Tips for Custom Parameterized PDFs in Quarto


Meghan Hall



Parameterized reports in R (and Quarto!)

Creating parameterized documents (i.e., documents with outputs—text, plots, tables, etc—that change based on the values of the parameters that you select) is such a common task for data analysts, and it’s a task that can be made much easier with Quarto. (Quarto is a new open-source technical publishing system from RStudio. It is similar in many ways to R Markdown, except that it doesn’t require R, supports more languages, and combines the functionality of many R Markdown packages, e.g., xaringan, bookdown.) Those documents can take many output forms, but this post focuses specifically on PDF reports. For the example report I’m walking through here, I used data from the wonderful palmerpenguins data package because who doesn’t like 🐧?!

The full PDF is available here, and below is a screenshot, along with some annotations as to what elements in the report change automatically based on our parameters.

Screenshot of sample pdf

Today’s focus is mostly on the Quarto elements: how to customize the look of our parameterized PDF (like those colors and fonts!) and how to render it easily for the parameter values that I want. I won’t go into too much detail about how I incorporated the parameters into the R code itself, but the full .qmd file is here and I’m happy to answer any questions about those elements! (Throughout, I am coming from the perspective of using R and RStudio, though many of the customization elements will still apply if you are using a different coding language and/or IDE.)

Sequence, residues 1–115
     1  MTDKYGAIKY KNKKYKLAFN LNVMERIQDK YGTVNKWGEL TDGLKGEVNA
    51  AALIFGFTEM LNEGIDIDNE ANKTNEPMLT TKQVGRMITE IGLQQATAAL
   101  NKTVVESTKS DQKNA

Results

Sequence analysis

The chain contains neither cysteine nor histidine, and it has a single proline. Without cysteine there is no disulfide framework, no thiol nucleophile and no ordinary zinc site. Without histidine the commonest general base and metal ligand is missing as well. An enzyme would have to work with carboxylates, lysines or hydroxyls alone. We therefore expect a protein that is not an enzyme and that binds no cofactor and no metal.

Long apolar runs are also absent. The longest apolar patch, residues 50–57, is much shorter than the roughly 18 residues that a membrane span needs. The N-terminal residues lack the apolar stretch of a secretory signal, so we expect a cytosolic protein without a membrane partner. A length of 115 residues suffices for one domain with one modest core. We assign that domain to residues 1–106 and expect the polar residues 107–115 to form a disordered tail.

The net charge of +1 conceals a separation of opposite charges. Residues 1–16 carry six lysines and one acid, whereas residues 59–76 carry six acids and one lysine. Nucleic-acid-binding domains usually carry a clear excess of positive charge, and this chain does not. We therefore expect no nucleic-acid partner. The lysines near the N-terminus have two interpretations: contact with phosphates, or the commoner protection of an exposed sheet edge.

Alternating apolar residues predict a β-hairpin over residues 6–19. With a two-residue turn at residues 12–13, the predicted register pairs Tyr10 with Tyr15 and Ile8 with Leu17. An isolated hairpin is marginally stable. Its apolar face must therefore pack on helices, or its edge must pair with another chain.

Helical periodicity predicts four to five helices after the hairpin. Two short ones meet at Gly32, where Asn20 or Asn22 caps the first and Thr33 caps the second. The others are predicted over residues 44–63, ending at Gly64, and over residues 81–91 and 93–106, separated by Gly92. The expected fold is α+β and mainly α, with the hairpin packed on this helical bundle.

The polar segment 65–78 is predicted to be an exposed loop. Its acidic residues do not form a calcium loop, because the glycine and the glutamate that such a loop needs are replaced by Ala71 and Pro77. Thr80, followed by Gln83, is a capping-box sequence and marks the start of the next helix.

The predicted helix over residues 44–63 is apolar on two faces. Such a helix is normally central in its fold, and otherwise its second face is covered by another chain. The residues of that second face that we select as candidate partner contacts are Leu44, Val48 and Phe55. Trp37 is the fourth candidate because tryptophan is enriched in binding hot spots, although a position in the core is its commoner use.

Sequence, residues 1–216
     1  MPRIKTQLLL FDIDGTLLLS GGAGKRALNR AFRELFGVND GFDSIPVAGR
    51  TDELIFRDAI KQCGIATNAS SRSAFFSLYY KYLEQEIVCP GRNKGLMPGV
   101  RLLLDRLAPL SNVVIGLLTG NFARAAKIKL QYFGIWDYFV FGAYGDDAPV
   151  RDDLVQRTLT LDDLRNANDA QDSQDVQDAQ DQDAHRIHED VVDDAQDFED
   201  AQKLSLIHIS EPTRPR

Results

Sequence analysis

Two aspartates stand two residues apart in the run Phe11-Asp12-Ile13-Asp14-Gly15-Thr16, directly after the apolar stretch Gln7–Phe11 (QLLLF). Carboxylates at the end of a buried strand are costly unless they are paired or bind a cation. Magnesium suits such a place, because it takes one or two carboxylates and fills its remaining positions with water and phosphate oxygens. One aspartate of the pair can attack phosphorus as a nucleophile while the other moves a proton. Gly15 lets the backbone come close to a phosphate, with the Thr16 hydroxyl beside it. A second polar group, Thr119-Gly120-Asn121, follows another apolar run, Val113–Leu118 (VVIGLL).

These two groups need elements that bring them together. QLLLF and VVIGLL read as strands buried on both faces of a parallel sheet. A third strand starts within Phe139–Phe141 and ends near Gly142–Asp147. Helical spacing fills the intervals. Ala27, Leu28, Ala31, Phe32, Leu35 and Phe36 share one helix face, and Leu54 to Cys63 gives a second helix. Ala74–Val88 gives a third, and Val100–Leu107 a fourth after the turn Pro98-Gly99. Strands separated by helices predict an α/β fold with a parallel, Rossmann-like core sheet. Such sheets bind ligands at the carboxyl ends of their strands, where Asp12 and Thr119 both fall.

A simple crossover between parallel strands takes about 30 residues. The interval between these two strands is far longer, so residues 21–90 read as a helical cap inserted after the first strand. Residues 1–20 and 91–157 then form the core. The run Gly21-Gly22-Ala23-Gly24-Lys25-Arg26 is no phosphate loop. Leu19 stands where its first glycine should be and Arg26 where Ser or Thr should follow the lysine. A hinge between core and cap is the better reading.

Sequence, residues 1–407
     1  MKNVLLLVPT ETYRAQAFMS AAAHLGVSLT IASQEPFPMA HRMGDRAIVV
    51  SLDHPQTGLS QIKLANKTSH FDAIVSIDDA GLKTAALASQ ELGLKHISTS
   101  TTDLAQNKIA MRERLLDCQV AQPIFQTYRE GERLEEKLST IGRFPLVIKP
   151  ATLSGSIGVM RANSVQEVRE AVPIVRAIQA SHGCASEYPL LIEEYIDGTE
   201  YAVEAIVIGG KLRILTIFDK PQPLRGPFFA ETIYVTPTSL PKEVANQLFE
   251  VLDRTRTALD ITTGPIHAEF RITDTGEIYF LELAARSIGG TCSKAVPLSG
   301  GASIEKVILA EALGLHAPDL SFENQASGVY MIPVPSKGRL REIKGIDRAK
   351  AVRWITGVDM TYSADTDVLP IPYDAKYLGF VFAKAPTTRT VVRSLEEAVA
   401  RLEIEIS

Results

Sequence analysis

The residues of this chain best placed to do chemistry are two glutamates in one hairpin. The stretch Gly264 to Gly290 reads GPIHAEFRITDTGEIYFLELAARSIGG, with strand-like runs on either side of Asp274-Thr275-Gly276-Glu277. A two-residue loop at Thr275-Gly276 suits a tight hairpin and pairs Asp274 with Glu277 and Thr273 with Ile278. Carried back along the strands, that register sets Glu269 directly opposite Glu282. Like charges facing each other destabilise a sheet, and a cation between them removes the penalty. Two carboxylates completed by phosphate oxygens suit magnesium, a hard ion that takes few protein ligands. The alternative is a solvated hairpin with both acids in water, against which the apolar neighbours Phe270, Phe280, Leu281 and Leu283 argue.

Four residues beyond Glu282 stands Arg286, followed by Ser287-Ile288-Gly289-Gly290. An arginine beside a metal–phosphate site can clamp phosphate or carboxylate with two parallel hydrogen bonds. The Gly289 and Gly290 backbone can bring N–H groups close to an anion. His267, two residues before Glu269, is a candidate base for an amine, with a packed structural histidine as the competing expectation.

Yes, this means LaTeX

Similarly to how Quarto uses reveal.js to make HTML presentations, Quarto uses LaTeX to make PDF documents. Part of the beauty of Quarto is that you don’t need to learn LaTeX—you can create great PDFs without it. But just like I enjoy learning more about CSS to customize my Quarto HTML products, I enjoy learning more about LaTex to customize my PDF products!

Standard disclaimer: I am not a LaTeX expert! The tips I offer below are certainly not the only solutions, and depending on your particular use cases they may not be the best solutions. But I think they are useful for someone getting their feet wet with LaTeX and learning how to use LaTeX elements to customize the look of their Quarto PDFs.

Let’s review how things work structurally: Quarto documents start with a YAML header. Below is the YAML header for this PDF.

    mainfont: "Avenir"
    sansfont: "Avenir"
      - top=0.75in
      - right=0.75in
      - bottom=0.75in
      - left=0.75in
      - heightrounded
    number-sections: true
      - "penguin-header.tex"
    toc: false
editor: source